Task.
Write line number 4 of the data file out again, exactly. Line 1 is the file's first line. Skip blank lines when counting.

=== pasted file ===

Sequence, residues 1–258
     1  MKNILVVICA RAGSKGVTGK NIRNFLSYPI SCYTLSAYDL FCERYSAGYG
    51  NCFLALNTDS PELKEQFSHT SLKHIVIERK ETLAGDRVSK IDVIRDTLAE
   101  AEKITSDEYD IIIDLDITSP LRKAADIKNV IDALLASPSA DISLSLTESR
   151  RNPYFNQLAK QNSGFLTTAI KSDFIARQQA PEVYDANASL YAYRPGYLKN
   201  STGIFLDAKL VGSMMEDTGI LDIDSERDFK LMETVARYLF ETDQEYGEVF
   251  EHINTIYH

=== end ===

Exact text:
   101  AEKITSDEYD IIIDLDITSP LRKAADIKNV IDALLASPSA DISLSLTESR